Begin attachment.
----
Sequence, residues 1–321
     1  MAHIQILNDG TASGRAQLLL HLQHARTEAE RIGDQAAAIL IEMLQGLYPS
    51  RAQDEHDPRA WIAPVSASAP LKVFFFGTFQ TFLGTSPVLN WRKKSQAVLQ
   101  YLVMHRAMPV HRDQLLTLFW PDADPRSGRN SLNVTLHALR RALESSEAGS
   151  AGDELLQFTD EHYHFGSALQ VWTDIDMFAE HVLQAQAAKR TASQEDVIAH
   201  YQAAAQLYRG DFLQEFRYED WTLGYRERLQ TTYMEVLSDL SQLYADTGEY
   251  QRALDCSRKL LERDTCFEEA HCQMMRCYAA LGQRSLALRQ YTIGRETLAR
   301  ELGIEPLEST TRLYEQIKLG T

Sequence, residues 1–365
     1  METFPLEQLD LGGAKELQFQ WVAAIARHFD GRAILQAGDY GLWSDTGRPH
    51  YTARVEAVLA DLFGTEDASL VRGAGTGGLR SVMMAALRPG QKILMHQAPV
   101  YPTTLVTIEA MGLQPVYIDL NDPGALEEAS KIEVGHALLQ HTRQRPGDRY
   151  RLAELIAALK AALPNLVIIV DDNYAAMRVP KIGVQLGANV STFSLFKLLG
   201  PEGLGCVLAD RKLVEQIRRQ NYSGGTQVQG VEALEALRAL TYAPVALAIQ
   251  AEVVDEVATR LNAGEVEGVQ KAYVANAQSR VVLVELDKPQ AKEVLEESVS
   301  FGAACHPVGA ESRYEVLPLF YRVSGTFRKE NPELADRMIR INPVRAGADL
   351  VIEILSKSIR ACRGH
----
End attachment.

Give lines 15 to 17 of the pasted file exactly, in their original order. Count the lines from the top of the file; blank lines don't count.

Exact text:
   251  AEVVDEVATR LNAGEVEGVQ KAYVANAQSR VVLVELDKPQ AKEVLEESVS
   301  FGAACHPVGA ESRYEVLPLF YRVSGTFRKE NPELADRMIR INPVRAGADL
   351  VIEILSKSIR ACRGH